Yen sags as prospects for US-China trade deal looking good
The dollar edged up slightly against the yen while risk-sensitive currencies held firm on Thursday, buoyed by optimism of easing trade tensions between the United States and China and signs of recovering global growth.
Beijing said on Wednesday it is in close touch with Washington on a trade deal signing ceremony, a day after U.S. President Donald Trump said that he and Chinese President Xi Jinping will have a ceremony to sign the recently struck trade deal.
“There have been some doubts over whether they can really sign a deal. But this week China has announced cuts in its tariffs while Trump also talked about a ceremony for the deal. So it feels more likely that the deal will come through,” said Ei Kaku, currency strategist at Nomura Securities.
Against the yen, the dollar rose 0.2% to 109.54 yen and within striking distance of a six-month high of 109.73 touched earlier this month. The euro barely moved at $1.10905.
Global currency markets remained in holiday mood following Christmas Day on Wednesday and with several centers still closed on Thursday.
However, traders have taken a positive lead after Washington and Beijing struck an interim agreement on trade earlier this month, which is expected to continue to underpin risk assets.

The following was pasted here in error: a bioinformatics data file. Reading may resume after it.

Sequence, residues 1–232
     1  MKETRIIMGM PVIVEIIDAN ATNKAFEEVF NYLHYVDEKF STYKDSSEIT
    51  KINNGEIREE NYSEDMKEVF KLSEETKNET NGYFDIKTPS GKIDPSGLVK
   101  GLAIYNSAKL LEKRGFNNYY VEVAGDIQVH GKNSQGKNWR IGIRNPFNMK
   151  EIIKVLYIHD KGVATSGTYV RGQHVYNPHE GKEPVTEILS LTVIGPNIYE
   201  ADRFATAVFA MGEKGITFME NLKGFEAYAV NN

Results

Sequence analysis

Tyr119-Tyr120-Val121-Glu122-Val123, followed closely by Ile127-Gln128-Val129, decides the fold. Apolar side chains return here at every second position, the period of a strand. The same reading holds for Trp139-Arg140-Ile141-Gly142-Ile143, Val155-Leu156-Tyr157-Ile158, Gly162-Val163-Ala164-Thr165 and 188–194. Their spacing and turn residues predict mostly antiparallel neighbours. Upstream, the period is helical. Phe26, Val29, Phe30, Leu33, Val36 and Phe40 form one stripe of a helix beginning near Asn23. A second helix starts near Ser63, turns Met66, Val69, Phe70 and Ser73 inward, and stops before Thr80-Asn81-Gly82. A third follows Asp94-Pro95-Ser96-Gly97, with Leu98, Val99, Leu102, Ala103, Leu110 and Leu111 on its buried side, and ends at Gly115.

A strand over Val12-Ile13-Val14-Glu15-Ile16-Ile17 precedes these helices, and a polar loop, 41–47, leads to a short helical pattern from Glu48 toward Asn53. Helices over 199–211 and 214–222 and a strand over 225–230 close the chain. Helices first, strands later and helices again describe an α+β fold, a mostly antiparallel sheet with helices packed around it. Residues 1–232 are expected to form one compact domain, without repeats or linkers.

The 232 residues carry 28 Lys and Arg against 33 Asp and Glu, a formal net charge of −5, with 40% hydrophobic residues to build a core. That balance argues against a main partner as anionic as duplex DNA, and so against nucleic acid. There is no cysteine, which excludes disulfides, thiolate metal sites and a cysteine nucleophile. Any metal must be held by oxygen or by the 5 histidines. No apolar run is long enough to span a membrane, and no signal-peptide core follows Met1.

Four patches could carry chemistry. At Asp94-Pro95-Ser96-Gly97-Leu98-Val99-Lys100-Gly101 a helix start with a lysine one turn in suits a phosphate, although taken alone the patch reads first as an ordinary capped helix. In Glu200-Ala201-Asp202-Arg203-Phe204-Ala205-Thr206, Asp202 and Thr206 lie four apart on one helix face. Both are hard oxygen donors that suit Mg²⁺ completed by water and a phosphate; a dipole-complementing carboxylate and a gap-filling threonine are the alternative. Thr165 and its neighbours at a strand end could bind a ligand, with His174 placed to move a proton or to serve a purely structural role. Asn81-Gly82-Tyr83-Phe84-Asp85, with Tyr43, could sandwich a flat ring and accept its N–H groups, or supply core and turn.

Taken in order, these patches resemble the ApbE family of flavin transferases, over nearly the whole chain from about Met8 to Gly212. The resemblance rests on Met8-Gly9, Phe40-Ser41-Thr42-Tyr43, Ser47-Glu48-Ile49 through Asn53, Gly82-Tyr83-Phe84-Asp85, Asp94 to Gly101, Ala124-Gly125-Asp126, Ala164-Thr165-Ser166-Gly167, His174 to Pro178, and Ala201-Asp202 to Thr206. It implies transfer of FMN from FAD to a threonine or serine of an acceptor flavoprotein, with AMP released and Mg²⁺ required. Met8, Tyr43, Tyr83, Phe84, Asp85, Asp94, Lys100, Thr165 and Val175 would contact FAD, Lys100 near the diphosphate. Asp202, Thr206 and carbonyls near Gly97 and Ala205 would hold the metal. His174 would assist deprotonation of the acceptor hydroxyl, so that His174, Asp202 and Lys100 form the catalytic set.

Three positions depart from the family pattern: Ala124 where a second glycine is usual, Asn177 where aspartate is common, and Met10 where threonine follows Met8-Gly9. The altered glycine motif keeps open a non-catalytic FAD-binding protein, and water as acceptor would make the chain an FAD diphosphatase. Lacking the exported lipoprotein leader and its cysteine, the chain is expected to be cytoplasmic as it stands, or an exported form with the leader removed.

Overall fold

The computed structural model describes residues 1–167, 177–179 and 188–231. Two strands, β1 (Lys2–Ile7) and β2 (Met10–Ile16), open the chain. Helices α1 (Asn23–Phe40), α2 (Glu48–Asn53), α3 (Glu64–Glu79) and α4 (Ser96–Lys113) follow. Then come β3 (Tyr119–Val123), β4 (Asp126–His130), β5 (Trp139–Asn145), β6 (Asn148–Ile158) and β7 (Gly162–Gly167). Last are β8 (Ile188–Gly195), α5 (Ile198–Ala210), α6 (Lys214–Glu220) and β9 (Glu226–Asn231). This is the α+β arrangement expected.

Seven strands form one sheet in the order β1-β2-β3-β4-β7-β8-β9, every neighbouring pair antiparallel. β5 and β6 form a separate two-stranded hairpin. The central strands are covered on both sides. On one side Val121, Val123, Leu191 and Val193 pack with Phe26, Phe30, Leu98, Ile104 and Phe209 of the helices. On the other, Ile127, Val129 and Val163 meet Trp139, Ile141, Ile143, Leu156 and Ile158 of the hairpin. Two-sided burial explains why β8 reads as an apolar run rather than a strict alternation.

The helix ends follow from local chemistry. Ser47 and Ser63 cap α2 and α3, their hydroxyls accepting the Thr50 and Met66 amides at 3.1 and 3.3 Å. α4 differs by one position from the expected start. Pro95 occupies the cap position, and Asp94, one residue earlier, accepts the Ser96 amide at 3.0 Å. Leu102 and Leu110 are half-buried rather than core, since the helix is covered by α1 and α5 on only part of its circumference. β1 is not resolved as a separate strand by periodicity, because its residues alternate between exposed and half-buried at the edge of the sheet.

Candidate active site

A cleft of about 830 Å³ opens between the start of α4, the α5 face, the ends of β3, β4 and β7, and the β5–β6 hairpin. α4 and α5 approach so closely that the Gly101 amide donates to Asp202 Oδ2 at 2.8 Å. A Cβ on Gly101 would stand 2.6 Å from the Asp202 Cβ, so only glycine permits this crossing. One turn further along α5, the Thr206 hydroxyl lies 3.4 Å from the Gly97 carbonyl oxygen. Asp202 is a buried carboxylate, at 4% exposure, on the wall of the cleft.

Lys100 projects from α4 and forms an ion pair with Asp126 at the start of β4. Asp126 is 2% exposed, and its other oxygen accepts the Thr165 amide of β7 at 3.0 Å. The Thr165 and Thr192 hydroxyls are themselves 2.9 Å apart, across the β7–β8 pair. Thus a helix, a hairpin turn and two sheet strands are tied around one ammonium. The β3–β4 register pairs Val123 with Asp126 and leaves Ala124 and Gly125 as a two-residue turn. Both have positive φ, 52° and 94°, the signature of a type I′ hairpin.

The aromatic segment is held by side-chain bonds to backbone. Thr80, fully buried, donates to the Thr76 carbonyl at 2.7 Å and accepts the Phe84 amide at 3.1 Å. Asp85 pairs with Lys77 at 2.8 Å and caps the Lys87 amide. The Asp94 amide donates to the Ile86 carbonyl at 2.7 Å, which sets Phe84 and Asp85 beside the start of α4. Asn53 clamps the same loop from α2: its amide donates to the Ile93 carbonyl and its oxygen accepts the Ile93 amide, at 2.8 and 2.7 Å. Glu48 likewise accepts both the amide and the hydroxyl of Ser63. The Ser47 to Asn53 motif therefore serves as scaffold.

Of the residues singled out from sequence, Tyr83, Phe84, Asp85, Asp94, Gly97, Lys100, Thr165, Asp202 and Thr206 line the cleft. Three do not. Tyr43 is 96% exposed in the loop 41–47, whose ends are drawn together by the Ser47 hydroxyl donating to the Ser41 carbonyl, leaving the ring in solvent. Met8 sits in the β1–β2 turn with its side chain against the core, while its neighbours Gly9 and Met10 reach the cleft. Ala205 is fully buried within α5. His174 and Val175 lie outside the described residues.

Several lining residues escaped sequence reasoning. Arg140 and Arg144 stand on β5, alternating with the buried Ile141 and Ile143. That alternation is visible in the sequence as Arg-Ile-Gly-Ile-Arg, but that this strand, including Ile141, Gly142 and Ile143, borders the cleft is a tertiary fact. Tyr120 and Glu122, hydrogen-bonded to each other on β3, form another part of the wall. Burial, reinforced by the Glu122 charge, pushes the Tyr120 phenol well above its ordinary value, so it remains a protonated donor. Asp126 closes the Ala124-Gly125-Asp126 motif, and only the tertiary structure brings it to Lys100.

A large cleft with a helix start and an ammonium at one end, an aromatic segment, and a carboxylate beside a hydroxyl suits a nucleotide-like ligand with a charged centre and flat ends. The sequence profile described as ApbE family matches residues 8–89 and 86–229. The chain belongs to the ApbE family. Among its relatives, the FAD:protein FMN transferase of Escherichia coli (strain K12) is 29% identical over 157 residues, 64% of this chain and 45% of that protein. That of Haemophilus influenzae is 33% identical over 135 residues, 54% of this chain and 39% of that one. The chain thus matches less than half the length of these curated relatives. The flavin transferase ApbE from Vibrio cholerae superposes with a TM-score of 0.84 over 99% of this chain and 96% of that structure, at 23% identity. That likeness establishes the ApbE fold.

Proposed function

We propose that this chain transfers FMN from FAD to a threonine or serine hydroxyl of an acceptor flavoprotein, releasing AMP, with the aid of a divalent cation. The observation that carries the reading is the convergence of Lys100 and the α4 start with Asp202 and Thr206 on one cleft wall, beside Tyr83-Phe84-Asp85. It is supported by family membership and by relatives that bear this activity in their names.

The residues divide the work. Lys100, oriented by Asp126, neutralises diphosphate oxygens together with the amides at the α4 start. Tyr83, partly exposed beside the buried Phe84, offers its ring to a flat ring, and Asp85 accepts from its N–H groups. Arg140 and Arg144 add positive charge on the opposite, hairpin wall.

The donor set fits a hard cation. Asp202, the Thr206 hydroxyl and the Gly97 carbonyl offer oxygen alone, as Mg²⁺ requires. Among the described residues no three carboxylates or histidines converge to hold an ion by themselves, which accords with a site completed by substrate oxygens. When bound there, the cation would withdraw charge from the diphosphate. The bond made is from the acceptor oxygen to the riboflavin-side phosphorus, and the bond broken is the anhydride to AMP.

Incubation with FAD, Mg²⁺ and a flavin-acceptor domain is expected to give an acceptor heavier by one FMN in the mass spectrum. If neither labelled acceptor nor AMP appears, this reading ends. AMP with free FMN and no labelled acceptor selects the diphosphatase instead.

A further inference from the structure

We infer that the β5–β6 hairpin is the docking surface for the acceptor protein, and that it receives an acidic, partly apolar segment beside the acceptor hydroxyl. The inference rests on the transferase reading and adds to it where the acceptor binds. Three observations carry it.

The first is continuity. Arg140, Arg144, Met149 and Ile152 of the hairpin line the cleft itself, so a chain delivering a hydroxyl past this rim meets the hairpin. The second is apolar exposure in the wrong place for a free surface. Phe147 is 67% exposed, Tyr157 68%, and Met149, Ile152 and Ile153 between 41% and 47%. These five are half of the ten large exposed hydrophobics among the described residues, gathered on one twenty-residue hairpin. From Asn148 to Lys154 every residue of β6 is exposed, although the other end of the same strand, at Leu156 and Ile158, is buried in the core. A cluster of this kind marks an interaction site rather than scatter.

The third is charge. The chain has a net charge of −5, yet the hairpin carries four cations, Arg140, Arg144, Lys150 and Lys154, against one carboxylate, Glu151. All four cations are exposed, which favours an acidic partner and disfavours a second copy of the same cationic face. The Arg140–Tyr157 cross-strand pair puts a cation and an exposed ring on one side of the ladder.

Surveys on manufacturing activity in many countries have also shown signs of a bottoming out in recent months.
In currency markets, stronger risk appetite usually translates to more selling in safe-haven currencies, such as the yen, against currencies leveraged more to growth, particularly that in China, such as the Australian dollar.
“While global share prices have been rallying, the currency market has seen limited reaction so far but I think currencies will have a catch-up to do,” said Koichi Kobayashi, chief manager of forex at Mitsubishi UFJ Trust Bank.
The offshore yuan strengthened slightly to 6.9905 yuan per dollar.
“I think it could reach the 6.8 handle when the deal is officially signed,” said Nomura’s Kaku.
Also mildly supporting risk sentiment, a report by Mastercard Inc showed on Wednesday that U.S. holiday sales rose a brisk 3.4%, though it was short of a 5.1% increase last year.
Elsewhere, sterling traded at $1.2986, up a bit from levels before the Christmas holidays though still way below its Dec. 13 peak of $1.3516.